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5 last-minute tax saving questions answered

Making tax-saver investments in the last minute is bound to give rise to dilemmas. Know how to resolve them

February 17, 2021 / 09:50 AM IST

Note to readers: Every year, our last date to plan for our income-taxes is March 31. Yet, despite knowing this, we procrastinate and postpone our income tax planning. But this financial year (2020-21) has been tough due to Covid-19 and many of us lost our incomes and jobs. While we hope for better times ahead for our readers, now is a good time to plan our tax-saving investments if we haven’t done it already. Our first story below answers five crucial income tax planning related questions. The second story talks about the best five tax saving instruments. And the last instalment in this series, is about 4 most common mistakes we make while planning for our taxes.

It’s that time of the year when salaried employees scramble to make last-minute tax-saving investments for the financial year 2020-21. And if they have already made their investments, then they scramble to gather proofs to be submitted. It’s a race against time. That is, if you had informed your employer of your decision to stick to the old, with-tax-deduction regime. For those who have chosen the new regime, the documentation will be minimal. Here are five crucial aspects of tax-planning that you must keep in mind.

Also read: 6 avenues to reduce your tax outgo

I have a financial plan in place already. Should I allocate funds to my tax-saver investments separately?

Tax-planning is a part of financial planning. Align your tax-saver investments with your goals and overall strategy. “Tax planning should be part of your overall investment strategy. You will make these investments every year, over your entire working life. So, you must manage it in such a way that it helps build in building a large corpus over the long term,” says Prableen Bajpai, Founder, FinFix Research and Analytics. Starting early will help you achieve this.


For instance, many equity investors feel that an equity-linked saving fund is an automatic choice. But most of us forget that our employees provident fund (EPF) contribution takes a big chunk of Section 80 C basket of investments. Still, ELSS is a good choice, especially for the young and millennials just starting out on their investment journey. But if you already have a well-established portfolio, then an ELSS may not be necessary.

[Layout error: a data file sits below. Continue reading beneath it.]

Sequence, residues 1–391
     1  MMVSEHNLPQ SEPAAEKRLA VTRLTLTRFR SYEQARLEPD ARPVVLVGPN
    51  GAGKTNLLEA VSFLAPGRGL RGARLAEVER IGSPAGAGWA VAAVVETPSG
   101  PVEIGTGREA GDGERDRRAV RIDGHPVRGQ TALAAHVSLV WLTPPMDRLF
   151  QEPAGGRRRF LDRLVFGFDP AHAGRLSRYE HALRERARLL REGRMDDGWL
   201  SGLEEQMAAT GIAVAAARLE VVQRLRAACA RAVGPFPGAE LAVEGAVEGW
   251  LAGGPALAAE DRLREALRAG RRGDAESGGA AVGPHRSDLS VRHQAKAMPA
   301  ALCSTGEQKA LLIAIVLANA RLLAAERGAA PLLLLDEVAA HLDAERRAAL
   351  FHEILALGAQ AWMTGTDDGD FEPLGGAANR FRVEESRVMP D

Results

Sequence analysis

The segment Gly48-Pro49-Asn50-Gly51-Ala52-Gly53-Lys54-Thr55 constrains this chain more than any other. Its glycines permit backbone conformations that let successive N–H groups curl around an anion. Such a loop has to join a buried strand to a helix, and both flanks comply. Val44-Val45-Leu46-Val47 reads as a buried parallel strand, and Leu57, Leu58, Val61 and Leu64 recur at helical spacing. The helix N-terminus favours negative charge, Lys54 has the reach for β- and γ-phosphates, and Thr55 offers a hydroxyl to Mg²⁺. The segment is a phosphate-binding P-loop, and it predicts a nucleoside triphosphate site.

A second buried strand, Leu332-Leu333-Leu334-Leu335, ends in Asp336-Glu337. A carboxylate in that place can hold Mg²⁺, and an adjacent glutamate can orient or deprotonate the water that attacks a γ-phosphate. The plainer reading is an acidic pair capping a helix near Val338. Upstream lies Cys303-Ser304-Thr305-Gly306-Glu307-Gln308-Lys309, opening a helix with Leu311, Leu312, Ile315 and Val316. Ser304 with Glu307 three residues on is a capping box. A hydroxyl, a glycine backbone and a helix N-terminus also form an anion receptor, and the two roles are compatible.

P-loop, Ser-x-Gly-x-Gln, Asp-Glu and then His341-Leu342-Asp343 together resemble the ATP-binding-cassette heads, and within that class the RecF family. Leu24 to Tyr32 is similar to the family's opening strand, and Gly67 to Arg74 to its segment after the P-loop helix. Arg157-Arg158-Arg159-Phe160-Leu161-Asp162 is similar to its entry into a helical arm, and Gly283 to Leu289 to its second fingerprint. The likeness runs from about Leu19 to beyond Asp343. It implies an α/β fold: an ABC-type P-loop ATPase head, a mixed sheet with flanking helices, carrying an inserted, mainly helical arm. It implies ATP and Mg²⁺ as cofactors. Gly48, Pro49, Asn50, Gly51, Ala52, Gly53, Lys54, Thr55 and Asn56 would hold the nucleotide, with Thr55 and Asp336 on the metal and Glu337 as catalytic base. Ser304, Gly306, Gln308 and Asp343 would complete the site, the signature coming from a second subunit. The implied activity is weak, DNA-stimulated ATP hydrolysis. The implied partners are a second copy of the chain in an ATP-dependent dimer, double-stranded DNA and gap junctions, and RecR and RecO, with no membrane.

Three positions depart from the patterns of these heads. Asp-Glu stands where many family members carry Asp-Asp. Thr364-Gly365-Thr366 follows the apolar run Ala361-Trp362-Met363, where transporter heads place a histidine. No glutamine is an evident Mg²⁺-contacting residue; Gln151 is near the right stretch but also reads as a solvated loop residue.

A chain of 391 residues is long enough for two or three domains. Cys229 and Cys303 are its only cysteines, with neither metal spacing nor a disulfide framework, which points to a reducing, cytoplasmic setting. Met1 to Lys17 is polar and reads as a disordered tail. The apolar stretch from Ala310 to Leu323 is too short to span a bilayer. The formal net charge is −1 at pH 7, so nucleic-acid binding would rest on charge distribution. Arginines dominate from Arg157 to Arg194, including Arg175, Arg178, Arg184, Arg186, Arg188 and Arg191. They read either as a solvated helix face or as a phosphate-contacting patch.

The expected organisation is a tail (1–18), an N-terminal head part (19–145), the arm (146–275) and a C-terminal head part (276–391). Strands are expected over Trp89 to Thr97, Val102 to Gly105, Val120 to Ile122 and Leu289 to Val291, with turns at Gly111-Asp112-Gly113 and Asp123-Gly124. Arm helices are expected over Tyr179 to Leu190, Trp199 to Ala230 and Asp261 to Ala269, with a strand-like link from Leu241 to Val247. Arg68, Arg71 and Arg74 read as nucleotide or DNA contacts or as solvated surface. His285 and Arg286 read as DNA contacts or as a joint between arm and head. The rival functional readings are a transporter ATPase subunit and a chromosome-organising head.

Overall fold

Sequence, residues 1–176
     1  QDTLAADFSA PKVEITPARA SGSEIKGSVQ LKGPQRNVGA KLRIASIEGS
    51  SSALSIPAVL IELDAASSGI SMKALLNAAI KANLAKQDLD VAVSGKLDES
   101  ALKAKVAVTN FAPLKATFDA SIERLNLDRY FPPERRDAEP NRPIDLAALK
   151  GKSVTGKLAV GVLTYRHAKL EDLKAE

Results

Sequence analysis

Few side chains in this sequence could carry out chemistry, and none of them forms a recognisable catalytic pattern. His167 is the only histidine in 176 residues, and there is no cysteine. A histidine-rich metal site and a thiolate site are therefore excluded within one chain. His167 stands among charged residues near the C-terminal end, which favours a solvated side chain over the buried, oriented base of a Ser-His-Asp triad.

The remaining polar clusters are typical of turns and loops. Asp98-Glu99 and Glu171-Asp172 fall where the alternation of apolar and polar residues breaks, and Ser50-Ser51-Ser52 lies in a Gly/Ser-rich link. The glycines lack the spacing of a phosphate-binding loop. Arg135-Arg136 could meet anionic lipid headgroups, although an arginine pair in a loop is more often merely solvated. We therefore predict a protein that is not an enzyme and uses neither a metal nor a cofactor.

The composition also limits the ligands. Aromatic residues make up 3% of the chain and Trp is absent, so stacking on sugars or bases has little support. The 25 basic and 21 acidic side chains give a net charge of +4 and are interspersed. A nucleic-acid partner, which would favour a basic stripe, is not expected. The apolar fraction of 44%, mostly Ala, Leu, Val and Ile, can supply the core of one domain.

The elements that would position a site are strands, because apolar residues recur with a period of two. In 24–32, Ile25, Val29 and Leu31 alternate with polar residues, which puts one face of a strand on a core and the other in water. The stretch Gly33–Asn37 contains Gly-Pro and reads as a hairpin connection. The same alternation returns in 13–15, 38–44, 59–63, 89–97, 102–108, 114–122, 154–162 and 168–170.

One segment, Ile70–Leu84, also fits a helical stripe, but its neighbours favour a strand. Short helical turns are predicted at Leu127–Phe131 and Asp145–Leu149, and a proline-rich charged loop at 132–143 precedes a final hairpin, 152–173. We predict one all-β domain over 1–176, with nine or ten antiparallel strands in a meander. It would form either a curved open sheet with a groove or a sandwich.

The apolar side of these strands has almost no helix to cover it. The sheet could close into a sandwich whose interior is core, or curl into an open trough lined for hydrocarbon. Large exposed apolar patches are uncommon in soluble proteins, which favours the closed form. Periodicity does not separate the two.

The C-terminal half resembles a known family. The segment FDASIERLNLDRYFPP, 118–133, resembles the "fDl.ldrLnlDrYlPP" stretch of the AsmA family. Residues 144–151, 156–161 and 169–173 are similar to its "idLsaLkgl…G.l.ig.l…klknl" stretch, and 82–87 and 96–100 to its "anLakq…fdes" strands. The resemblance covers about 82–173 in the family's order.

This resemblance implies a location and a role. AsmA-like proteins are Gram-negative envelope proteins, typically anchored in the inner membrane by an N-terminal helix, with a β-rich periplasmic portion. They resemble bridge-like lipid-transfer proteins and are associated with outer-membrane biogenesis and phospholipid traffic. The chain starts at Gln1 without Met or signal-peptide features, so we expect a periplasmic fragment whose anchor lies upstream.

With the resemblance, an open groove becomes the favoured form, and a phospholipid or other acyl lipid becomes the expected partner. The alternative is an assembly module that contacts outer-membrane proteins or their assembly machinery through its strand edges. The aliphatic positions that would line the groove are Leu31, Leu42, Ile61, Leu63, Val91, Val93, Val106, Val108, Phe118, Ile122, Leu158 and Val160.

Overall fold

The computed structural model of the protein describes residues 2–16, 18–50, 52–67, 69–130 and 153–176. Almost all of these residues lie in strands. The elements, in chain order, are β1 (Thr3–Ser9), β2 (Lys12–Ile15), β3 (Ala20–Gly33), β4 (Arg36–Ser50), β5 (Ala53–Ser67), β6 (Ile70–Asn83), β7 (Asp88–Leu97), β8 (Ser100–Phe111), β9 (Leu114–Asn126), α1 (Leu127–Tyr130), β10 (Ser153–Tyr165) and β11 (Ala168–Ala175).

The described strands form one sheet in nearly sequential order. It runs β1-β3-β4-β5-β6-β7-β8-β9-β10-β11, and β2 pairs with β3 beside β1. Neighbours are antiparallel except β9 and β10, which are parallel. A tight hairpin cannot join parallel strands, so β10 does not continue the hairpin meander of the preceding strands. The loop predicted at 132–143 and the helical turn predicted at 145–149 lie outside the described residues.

If you want to create an education corpus for your daughter under the age of 10, you can start a Sukanya Samriddhi Account for her before looking at further options. It entitles you to tax benefits under section 80C and it yields 7.6 percent, secure returns, which is tax-free. The return is subject to quarterly review by the finance ministry.

Should I invest in ELSS now that markets are at record highs?

Experts say that ELSS funds are still a good tax-planning choice.

“I would still recommend them. No one knows what the market levels will be in the future. Even if returns do not match your expectations at the end of three years, you can stay invested over the long term. You will still be able make decent returns,” says Amol Joshi, Founder, Plan Rupee Investment Services. But if you’ve waited till now to start an ELSS, a systematic investment plan (SIP) may not be enough to invest your entire amount. Amol advises you to spread it over January, February and March instead.